Countering Clichés

Simona Zdanavičiute

“Heaven is where the cooks are French, the police are British, the mechanics are German, the lovers are Italian and everything is organized by the Swiss.

Hell is where the cooks are British, the police are German, the mechanics are French, the lovers are Swiss, and everything is organized by the Italians.” – a joke about stereotypes

As you may already know, stereotypes play an important role in everyday life. Even though we are moving forward and our society is becoming more accepting than ever before, we are still negatively affected by images created before we were born about specific types of individuals. We are used to deciding about people according to their nationality, sexuality or gender, which is not really fair. Usually these beliefs are not a true reflection of reality. Moreover, many scientific studies have been conducted about stereotypes, most of them reaching the conclusion that they are not mere exaggeration but simple fiction. For example, it is often stated that women are bad drivers, yet statistically women have fewer crashes and their car accident claims tend to cost less than men’s. So the question is, why do we rely on these stereotypes and why do we label other people by specific features?

According to the sociologist Walter Lippmann, the world has become so fast and difficult that we are no longer able to analyse all the information we get by ourselves (1922). So at this point we search for the easiest way to prevent ourselves from overthinking – we use stereotypes. When we depend on these, we don’t need to think about what each individual or group is like, or what they are likely to do. The community and the media offer us all the ‘answers’ by sharing different thoughts and images which we can take as our own, but it is up to us whether we do this carelessly or consciously.

Even if we can say that we live in a really international community which encourages tolerance and understanding, some nationalities just can’t get rid of the ‘tags’ which stick to them. Besides, some people face prejudice very often in their everyday life from people who don’t know them at all. Stereotypes create a misconception of how people are and how they live in other cultures, religions, or countries, not to mention problems like social isolation and difficulties with making a career or studying abroad. While talking with other people and getting deeper into this phenomenon, I discovered some interesting clichés about my nationality and gender, which I’m going to present as evidence that most stereotypes are totally misleading.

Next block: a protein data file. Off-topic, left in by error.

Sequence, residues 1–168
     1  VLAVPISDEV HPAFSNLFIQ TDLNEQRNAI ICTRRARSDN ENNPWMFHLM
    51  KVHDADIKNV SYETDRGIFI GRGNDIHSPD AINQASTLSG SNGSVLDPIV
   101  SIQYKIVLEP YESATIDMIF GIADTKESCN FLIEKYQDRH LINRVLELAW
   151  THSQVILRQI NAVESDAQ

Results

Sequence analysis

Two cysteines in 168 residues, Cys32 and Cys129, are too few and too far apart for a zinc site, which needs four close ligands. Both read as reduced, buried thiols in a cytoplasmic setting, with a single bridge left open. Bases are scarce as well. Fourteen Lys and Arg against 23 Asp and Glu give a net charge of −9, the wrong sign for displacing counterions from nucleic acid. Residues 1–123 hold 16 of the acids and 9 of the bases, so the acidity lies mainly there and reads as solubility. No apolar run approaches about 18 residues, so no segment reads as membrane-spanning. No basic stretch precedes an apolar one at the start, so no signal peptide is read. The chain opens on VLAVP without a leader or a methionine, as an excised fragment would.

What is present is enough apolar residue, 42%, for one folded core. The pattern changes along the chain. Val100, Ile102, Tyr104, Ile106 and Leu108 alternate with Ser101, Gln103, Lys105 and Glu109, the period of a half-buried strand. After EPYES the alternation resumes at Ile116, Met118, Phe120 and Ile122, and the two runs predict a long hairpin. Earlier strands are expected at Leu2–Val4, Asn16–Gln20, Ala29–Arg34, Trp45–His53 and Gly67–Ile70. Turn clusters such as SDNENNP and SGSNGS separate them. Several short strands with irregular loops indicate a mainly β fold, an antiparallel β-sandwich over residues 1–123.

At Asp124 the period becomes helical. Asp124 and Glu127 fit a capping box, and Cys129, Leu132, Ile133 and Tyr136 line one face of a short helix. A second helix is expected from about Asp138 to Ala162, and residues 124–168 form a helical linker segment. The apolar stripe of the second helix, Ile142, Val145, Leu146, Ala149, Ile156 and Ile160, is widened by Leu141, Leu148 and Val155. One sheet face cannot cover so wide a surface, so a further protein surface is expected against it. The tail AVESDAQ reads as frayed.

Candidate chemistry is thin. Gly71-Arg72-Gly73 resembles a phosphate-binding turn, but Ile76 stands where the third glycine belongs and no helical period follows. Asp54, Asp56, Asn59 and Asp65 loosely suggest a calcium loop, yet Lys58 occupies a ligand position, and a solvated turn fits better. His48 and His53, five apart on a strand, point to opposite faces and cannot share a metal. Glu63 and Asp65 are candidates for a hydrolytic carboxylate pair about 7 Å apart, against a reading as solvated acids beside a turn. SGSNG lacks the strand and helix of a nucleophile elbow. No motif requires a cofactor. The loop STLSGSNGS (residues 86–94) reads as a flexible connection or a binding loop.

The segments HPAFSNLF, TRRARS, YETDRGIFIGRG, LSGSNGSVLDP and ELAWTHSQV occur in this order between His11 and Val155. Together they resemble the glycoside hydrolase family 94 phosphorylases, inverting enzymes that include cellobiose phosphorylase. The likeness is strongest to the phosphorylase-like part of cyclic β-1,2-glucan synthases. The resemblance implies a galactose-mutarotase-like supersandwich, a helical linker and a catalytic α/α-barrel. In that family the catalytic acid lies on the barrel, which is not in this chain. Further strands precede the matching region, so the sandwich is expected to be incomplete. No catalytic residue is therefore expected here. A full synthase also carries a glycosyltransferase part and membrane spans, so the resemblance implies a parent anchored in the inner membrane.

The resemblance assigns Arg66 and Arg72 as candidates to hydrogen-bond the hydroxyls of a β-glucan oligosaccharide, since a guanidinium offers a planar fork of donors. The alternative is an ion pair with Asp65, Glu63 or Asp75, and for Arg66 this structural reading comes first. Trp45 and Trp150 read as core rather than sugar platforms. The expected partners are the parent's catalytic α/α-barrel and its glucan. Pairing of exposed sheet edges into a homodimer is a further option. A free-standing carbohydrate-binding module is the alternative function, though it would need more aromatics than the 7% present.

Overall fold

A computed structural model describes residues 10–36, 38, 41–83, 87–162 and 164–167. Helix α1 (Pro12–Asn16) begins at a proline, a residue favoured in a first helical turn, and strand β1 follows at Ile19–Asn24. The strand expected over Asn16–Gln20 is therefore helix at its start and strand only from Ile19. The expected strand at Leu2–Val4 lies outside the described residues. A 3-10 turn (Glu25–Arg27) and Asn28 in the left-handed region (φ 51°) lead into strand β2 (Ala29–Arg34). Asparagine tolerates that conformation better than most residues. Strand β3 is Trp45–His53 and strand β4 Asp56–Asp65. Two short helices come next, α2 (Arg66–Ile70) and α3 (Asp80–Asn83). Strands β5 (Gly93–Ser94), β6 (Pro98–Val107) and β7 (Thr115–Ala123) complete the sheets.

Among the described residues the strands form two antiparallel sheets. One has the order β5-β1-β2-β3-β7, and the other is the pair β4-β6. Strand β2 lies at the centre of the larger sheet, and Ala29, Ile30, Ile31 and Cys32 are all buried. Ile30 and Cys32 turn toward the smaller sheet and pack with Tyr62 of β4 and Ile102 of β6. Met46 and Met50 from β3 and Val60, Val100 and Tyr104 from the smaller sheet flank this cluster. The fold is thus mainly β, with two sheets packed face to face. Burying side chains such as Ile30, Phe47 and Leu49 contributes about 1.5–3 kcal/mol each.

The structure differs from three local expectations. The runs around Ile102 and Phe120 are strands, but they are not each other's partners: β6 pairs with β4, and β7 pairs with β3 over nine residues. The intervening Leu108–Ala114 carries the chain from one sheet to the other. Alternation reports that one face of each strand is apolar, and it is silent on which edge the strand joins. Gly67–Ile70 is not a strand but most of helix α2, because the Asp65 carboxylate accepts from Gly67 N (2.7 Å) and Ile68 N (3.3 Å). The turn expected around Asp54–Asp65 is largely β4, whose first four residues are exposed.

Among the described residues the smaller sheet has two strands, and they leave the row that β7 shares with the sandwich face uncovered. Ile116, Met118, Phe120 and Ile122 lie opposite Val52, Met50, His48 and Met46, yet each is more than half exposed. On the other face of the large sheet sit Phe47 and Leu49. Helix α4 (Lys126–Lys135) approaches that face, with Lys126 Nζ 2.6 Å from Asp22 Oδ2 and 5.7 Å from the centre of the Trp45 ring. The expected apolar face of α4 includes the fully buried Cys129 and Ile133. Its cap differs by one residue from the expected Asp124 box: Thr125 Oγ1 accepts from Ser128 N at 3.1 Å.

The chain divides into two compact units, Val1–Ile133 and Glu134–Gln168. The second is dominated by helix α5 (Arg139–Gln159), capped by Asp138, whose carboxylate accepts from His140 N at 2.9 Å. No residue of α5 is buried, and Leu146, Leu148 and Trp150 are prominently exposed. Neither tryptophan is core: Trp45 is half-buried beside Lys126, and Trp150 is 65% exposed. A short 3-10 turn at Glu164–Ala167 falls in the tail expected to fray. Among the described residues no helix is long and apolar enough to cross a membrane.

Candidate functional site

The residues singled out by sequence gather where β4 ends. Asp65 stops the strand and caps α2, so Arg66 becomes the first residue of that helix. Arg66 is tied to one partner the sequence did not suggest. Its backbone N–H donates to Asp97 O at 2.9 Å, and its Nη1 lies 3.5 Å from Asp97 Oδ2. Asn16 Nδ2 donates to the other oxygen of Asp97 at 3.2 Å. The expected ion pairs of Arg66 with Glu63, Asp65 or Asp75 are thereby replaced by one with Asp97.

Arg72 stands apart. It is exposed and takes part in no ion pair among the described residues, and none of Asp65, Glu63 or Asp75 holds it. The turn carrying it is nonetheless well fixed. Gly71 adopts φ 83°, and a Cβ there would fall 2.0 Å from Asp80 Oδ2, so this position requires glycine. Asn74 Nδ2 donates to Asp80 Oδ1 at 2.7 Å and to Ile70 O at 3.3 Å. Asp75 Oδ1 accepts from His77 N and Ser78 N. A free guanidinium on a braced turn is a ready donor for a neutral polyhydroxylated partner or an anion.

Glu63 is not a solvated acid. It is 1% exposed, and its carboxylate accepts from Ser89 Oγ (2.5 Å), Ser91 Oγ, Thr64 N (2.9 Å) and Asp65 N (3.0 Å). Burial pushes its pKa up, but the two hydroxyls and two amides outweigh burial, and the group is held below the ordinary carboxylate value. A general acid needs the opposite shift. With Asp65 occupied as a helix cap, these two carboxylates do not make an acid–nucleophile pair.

“You are Lithuanian, so I guess you don’t have your own language. I suppose you speak Russian or Polish.”

 We have our own official language, one of the oldest in all Europe. We speak neither Polish nor Russian.

 “Lithuania ? That’s part of Russia, isn’t it?“

 Apparently we have been an independent country for more than 26 years already.

“You are woman, so you don’t understand anything about politics.”

 I’ve been interested in politics since I was fifteen, and I joined the youth party when I was sixteen. Moreover, there are a lot of famous women politicians (e.g. Angela Merkel, Hillary Clinton).

“As a woman, you’re supposed to know how to cook.”

 Women are not only for cooking and cleaning. We have other interests, too.

Stop dreaming of having your own company one day. Women are no good at business.”

 The number of female entrepreneurs grows year on year. These days, women have the same opportunities as men to become successful in business.

These are just a few examples from my own experience. Even though the stereotypes I mentioned were not really extreme, sometimes I felt offended and embarrassed, and I guess I’m not the only one who has faced the same as a result of prejudice. But now the question is how we can stop ourselves from labelling other people. The first thing which we have to do is just try to change our perception of stereotypes. They cause prejudice, and we should be aware of this. Travelling, education and communication with different people are all good tools for becoming more open-minded. We shouldn’t forget that we are students. We are the younger generation. We are the ones who can make changes. All we have to do is leave prejudice behind and stand up against the stereotypes our societies create.


Lippmann, W. (1922). Public Opinion. New York: Harcourt, Brace and Co.